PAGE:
Remotes are a part of my photography, have been since the very beginning. So when PocketWizard announced their new PocketWizard III, I was very excited to get my hands on them. The biggie is if you know PocketWizard, you’ll notice that there is no Pre-Focus cable attached. Just a standard 3.5mm to 10pin cable (not included). That’s now part of the unit! What I really like is the smaller size, greater range, WakeUp/AF operation with a half push of the Test button and camera firing with full depression. They work with other PocketWizards like the Flex (but not TTL). A unit can be set to transmit, receive, Relay, very versatile. They have 32 channels and 4 groups, and for someone like me, damn simple to use. Be it for camera or flash remotes, I can’t recommend these enough to you!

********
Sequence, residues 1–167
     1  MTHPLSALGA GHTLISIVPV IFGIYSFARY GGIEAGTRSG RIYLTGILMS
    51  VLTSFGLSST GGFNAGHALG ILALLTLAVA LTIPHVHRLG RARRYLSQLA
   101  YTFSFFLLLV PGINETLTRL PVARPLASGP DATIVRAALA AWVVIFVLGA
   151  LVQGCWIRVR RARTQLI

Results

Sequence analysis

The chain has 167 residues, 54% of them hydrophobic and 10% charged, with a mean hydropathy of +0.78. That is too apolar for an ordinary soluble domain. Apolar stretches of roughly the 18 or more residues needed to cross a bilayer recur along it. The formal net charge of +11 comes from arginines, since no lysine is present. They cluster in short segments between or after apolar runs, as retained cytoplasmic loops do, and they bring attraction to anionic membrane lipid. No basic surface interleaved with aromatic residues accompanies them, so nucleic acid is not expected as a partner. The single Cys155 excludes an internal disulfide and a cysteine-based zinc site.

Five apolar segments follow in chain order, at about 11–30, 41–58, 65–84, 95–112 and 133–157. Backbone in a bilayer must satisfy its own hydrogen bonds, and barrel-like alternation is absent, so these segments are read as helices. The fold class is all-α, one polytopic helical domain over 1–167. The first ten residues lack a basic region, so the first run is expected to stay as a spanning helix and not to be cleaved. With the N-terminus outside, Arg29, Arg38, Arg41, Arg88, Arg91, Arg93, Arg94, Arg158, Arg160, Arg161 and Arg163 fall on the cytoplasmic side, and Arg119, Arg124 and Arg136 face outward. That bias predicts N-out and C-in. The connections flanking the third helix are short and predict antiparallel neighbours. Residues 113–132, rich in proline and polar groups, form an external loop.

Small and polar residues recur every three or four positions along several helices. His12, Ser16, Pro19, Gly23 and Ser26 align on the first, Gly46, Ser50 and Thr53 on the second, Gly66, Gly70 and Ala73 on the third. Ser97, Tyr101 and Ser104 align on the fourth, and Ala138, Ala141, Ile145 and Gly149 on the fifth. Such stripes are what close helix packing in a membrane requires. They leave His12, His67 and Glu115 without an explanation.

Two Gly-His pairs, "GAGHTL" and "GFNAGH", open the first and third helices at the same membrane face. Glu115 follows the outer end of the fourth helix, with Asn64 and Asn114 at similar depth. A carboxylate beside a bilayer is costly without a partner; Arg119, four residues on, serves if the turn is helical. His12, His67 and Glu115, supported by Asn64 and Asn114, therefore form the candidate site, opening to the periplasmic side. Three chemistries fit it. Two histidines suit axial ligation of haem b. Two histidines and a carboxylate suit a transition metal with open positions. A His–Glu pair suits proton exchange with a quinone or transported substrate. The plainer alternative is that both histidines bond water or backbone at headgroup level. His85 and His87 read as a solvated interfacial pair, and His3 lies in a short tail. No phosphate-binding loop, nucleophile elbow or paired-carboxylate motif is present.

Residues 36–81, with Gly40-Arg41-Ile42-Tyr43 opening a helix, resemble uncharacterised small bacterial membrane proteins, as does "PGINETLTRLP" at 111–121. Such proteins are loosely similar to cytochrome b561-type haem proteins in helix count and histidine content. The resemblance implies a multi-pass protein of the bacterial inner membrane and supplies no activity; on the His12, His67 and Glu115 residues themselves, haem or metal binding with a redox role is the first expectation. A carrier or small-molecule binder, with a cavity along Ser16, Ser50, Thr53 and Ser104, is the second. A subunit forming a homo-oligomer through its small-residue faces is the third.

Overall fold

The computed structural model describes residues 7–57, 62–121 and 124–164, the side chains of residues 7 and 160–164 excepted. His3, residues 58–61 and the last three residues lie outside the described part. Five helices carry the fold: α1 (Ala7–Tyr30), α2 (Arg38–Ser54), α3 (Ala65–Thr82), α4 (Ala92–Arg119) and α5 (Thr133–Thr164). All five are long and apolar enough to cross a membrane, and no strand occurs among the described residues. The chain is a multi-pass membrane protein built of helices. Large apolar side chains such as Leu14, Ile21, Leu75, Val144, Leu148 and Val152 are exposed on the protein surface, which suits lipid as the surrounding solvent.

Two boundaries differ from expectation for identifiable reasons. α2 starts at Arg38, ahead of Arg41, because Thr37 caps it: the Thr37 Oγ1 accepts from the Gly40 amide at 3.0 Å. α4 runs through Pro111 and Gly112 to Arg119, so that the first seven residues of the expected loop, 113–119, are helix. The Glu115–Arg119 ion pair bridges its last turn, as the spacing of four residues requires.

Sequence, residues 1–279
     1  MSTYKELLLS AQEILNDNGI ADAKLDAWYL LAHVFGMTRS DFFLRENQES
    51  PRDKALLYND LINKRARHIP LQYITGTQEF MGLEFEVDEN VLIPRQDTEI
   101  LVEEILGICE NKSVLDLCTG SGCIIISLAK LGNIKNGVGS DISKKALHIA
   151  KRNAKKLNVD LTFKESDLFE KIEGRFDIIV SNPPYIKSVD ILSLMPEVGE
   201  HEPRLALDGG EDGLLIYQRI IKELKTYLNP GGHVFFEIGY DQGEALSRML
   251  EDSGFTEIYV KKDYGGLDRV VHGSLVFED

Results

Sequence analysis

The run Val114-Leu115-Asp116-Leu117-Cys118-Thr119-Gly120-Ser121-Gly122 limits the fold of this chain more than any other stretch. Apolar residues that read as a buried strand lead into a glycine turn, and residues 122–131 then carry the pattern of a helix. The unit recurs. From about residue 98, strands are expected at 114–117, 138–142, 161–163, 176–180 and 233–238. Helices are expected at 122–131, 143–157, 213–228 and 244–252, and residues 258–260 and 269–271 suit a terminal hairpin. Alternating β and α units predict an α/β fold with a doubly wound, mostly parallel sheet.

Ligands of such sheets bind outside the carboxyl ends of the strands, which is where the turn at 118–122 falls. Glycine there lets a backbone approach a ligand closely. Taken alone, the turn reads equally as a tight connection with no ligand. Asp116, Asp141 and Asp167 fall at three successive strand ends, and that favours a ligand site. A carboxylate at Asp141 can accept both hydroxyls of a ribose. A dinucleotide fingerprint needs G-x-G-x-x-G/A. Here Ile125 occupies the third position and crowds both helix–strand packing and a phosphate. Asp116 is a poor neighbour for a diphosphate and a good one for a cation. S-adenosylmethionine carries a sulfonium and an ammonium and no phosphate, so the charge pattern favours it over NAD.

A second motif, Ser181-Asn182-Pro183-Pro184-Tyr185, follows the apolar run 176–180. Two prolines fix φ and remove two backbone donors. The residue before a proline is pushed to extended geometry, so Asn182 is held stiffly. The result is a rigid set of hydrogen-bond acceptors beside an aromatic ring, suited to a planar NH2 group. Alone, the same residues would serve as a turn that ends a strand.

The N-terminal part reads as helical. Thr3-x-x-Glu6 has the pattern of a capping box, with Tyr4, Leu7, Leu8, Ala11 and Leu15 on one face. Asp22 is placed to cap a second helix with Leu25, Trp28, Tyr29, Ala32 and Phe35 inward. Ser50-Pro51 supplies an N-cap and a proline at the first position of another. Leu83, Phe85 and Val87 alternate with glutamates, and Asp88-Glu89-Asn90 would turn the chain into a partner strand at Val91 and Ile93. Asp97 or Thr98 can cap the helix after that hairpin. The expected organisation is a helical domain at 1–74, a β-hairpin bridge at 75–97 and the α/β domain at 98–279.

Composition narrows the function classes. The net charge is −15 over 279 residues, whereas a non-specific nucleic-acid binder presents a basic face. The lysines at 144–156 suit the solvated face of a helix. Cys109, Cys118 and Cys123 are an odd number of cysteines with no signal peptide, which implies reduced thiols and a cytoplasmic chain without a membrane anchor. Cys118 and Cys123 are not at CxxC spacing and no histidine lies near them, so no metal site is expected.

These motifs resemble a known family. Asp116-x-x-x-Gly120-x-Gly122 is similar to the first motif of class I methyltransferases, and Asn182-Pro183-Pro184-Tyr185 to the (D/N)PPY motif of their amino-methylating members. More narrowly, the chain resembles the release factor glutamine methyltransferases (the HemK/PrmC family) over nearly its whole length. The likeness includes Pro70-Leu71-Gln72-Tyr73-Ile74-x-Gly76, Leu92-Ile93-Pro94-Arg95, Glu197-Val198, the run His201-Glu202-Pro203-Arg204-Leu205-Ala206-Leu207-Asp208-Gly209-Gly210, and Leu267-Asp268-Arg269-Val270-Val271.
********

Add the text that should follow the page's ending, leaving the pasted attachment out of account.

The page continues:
I could be alone here, but personally, I’m tired of TSA going through my luggage. With nearly 50k miles this year alone, you’d think some computer somewhere would see my name on a manifest and say, “Not this dweeb again” and let my luggage just go through. As you might imagine, I have a bit of stuff in my check in and with video, there is even more boxes with cables. And though I pack real carefully, at least once a month my luggage gets a visual inspection and at least once a month, items go missing. Well, I have had enough so I talked with a TSA official and we went through my luggage.
Items that go missing aren’t necessarily stolen but more likely, put aside and then forgotten to be repacked in my luggage (that makes me feel a whole lot better). I was told the problem might be that I’m using cases which the inspectors can’t see through. That does kinda make sense so I went and got some Think Tank Cable Mngt cases (the 10, 20 & 50). I don’t want to jink myself so I’m tapping on wood and crossing my fingers as I type, but since doing this, I’ve not had any issues. Just wanna pass this along in case I’m not the only one with this problem. Former problem, knock on wood.